It has been said that in riding a horse, we borrow freedom. This is especially true for riders at an Odessa farm that uses gentle giants to foster physical and emotional growth. For our series Off the Base, WUSF intern Tessa Wiseman took a trip to the farm to meet the team of humans and horses behind the healing.
Pulling onto Woodstock Road in bucolic northwest Hillsborough, I can almost feel Mother Nature inviting me to step away from the stress of everyday life and succumb to the peace of the land around me. That is exactly what visitors do at Quantum Leap Farm. It was founded in 2000 to provide horse therapy to the mentally and physically handicapped. The non-profit farm serves injured veterans and military members, kids and adults with special needs, and children with cancer.
Quantum Leap founder Edie Dopking is a self-described "horsey girl." She says horses have a way of reading the rider's emotions, and acting accordingly.
"If you're not feeling particularly confident, and maybe some insecure or down emotionally or that kind of thing, they can be so kind and so generous," she says. "It is absolutely amazing to me that they know what you need and when you need it. They're just amazing creatures."
Sonic--an affectionate brown Appaloosa is Mark Lalli's favorite.
"I have seen more counselors, more psychiatrics, more psychologists than I care to count in the past five years, and none of them could do for me in seven days what an hour on the back of a horse can do," he says.
After a helicopter accident in the Army left him with a traumatic brain injury, Lalli took part in the farm's physical therapy sessions to improve his balance and coordination. In the process, he says, he has found a family.
"In the military we all called each other brothers and sisters because we were in harms way and we were dependent on each other to survive throughout the next mission, the next day. The people out here have really adopted me as a brother and really just...I feel like I can be myself out here. I don't have to hide behind any walls."
It isn't just injured veterans who feel at home at Quantum Leap. Ingrid Van Thaden, who suffers from Multiple Sclerosis, says her riding sessions at Quantum Leap have transformed her disability into ability.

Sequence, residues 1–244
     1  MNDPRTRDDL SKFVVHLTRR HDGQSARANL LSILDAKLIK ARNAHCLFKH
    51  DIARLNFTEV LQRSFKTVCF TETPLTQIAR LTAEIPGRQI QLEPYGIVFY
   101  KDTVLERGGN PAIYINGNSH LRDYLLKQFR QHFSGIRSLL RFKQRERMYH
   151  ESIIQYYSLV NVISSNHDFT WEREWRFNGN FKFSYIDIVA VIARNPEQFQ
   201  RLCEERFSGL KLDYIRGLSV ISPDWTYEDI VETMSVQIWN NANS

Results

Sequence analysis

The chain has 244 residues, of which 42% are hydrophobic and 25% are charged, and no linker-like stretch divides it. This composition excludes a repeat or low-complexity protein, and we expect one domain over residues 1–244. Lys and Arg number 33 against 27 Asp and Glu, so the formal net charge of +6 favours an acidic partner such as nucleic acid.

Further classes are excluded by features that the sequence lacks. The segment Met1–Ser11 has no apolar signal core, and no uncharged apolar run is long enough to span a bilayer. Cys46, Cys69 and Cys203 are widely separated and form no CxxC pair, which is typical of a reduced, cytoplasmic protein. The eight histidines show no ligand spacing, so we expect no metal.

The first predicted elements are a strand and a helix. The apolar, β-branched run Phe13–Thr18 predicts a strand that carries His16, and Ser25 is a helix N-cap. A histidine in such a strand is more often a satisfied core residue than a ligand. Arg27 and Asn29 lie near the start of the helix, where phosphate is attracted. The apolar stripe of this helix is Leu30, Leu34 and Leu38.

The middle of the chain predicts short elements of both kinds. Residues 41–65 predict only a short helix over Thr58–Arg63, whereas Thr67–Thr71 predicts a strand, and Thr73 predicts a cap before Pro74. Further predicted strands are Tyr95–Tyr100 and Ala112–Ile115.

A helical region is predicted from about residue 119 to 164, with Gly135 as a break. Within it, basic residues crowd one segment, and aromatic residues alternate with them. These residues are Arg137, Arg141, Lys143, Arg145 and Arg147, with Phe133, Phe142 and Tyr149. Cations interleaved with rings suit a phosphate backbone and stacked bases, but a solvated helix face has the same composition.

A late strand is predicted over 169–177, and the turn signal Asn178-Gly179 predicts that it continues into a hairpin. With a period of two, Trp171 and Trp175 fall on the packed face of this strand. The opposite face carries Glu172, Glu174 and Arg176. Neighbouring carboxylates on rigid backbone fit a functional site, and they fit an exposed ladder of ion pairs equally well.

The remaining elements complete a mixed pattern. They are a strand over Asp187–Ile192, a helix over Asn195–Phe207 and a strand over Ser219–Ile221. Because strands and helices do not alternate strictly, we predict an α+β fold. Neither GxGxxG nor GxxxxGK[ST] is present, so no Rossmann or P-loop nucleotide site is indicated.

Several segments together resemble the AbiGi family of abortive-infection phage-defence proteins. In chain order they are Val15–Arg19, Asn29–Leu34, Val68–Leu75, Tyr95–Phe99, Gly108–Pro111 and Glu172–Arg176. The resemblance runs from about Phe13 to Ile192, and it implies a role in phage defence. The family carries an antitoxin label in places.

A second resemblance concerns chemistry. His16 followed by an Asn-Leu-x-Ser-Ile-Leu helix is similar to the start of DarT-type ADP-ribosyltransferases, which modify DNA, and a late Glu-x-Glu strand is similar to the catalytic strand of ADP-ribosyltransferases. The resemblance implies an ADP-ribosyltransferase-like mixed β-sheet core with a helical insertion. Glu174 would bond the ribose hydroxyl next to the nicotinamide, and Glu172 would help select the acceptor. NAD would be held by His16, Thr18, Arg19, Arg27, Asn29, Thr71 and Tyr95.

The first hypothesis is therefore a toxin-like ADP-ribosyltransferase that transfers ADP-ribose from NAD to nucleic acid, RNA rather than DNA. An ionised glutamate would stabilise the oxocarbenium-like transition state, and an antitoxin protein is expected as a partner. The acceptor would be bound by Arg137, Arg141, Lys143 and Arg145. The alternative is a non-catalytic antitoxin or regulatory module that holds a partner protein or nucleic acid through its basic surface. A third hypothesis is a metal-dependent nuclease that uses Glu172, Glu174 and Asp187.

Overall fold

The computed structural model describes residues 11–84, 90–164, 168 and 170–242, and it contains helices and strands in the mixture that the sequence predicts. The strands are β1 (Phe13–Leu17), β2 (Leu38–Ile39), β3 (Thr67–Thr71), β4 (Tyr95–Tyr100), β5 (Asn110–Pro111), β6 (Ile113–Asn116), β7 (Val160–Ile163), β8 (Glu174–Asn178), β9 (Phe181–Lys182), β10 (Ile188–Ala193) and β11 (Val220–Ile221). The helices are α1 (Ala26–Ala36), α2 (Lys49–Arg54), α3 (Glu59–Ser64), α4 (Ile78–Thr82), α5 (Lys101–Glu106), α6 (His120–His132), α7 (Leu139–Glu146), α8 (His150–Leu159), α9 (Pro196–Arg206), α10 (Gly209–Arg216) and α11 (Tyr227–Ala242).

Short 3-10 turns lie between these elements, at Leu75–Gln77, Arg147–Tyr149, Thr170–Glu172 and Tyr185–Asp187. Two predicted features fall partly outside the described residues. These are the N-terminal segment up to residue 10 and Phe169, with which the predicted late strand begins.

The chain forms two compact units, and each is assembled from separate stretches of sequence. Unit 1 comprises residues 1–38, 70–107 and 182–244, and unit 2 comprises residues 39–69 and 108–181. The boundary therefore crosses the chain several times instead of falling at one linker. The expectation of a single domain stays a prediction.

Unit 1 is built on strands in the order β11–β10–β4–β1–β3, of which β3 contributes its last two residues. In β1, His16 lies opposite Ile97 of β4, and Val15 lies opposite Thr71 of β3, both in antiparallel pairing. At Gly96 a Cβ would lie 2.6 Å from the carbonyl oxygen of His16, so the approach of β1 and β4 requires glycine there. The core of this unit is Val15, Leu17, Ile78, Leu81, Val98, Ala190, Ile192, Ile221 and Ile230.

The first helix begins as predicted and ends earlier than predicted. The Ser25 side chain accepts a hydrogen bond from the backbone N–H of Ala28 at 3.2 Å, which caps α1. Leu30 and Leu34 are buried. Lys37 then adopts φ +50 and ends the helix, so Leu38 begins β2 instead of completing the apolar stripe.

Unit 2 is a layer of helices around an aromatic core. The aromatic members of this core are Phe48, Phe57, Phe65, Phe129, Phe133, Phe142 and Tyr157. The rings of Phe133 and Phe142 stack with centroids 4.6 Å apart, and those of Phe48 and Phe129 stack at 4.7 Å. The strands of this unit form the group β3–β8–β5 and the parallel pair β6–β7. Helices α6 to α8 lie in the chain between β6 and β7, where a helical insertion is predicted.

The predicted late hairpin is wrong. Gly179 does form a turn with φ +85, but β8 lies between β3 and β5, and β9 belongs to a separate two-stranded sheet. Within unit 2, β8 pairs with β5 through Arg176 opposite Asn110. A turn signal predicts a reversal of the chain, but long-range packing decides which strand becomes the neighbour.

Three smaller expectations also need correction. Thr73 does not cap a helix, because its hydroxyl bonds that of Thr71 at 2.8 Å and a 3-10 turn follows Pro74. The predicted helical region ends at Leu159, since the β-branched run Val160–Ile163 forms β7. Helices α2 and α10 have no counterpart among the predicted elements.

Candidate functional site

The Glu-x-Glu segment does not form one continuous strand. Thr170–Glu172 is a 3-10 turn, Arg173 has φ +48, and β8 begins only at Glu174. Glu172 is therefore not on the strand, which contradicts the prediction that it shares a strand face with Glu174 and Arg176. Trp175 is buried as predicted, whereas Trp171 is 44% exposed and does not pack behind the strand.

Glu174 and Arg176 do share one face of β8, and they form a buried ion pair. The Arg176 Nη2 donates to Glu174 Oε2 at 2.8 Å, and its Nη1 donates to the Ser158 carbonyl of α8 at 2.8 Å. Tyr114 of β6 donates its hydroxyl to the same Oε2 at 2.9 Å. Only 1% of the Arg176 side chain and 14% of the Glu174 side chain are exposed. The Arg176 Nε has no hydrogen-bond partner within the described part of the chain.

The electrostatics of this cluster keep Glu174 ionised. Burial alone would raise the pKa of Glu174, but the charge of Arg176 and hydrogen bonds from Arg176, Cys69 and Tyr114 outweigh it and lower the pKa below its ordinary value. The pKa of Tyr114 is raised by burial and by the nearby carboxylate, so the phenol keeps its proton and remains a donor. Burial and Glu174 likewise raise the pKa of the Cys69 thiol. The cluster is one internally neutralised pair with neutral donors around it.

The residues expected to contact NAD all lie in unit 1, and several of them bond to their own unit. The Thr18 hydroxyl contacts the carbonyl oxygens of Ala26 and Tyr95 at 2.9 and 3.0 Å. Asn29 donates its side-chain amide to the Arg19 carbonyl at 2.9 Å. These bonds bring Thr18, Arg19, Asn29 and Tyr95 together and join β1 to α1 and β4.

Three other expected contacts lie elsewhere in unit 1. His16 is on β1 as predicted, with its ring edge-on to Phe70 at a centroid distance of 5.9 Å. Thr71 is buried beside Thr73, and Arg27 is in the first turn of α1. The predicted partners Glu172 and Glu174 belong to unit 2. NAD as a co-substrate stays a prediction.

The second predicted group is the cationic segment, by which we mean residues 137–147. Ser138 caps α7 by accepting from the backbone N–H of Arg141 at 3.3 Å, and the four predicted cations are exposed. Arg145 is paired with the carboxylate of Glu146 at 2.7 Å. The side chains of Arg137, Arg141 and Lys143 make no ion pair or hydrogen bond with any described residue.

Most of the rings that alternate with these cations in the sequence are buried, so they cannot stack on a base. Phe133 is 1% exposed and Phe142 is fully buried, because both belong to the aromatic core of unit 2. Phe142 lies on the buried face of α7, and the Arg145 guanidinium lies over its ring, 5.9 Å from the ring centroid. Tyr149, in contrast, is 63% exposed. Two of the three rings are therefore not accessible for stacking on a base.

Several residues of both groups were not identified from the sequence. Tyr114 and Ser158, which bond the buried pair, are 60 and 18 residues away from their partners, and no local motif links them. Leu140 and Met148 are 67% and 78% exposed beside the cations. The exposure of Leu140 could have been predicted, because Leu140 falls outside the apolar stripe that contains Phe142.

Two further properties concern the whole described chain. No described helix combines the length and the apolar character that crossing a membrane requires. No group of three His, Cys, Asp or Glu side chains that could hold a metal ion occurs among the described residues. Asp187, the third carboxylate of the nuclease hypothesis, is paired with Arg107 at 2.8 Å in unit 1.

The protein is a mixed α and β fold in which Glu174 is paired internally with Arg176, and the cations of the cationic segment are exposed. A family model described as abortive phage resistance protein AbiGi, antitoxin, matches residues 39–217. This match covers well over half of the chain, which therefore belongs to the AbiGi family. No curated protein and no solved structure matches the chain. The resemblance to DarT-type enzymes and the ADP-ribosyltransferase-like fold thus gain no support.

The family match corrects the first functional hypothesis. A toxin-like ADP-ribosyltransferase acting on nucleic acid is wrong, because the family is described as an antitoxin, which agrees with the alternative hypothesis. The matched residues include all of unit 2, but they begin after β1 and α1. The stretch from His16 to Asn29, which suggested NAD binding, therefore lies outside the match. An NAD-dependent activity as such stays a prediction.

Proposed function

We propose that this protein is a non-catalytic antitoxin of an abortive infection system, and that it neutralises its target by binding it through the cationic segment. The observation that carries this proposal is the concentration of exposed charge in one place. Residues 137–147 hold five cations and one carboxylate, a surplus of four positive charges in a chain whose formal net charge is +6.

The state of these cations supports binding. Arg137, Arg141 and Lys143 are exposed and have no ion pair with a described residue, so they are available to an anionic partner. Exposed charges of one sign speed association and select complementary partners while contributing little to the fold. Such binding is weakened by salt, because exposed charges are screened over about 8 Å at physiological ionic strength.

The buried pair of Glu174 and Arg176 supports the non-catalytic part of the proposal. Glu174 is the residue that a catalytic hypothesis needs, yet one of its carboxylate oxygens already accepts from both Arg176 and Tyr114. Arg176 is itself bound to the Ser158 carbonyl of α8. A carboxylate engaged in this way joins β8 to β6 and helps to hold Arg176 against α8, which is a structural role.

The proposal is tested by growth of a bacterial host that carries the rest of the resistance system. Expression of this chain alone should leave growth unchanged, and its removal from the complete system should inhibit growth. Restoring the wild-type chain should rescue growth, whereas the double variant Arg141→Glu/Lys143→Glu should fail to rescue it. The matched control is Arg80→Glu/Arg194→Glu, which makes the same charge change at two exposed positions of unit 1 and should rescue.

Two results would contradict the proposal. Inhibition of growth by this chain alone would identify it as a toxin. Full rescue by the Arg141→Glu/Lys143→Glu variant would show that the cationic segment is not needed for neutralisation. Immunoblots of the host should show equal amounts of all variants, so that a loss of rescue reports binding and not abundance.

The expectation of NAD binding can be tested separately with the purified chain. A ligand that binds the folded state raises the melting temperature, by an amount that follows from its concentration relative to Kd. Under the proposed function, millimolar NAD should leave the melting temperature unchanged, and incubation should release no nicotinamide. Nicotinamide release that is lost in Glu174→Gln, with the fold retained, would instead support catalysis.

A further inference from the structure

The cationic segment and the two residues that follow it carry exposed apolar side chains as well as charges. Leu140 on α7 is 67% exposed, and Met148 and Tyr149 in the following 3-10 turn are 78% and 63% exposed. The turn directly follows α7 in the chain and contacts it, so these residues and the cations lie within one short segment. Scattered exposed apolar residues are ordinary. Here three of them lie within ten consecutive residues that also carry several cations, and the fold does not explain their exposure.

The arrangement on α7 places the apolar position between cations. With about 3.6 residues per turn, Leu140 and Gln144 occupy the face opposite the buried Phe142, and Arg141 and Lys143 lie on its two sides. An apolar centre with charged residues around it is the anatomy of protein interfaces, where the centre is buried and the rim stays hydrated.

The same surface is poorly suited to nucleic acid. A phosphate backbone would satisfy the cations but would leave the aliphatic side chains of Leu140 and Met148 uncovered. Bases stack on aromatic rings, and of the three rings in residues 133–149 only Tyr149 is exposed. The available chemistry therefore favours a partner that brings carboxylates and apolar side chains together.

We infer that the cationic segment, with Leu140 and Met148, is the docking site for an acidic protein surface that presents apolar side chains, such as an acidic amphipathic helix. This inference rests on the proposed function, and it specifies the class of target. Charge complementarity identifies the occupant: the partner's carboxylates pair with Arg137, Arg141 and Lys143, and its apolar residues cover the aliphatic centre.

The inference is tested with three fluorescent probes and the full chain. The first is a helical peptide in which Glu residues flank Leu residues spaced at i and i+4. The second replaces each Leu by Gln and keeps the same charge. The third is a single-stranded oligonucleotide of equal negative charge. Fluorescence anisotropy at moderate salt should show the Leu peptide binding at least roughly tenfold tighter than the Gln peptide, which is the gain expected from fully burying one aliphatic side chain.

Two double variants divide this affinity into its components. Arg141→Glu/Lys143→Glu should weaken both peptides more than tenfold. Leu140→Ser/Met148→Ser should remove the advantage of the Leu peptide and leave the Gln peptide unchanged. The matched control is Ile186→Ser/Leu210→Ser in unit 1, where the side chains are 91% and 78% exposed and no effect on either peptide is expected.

"Part of what people learn with horseback riding is it focuses in the abilities you have, not on what you might have lost or never had," she says. "So, you might not be able to walk perfectly, but when you're on the horse you can ride just like everybody else."
While I didn't get to ride a horse--I did get to feed some. Operations Coordinator Mary Diana took me out to the pastures where the horses wander lazily through the farm's ten rolling acres.
"Idaho, Idaho (kiss kiss). Come here...come on. Come here my girl. Munch, munch, munch"
Diana says the horses are taught to be respectful of their precious, and often fragile, cargo.
"We serve everybody, I mean it's from tiny babies...doctors refer to us a lot," she says. "All the way up to, we have a 92 year old World War II veteran."
Lee Nelson is a retired Army chaplain who first came to Quantum Leap after a six-month stint in a hospital. He is paralyzed from the waist down from a service-related motor vehicle accident in Italy. To get on his horse, he uses a hanging chair that lifts him from the mounting ramp into the saddle.
"It changes your whole perspective," he says. "Instead of looking at hospital walls, you're looking at the real world. And that's...healing in many ways."
There is no denying that Quantum Leap is a place of healing--and studies have shown that equine therapy is effective with improving physical and mental abilities. But during my stay at the farm, I found reason to believe that the work there affects more than just the body and mind--it lifts the spirit as well.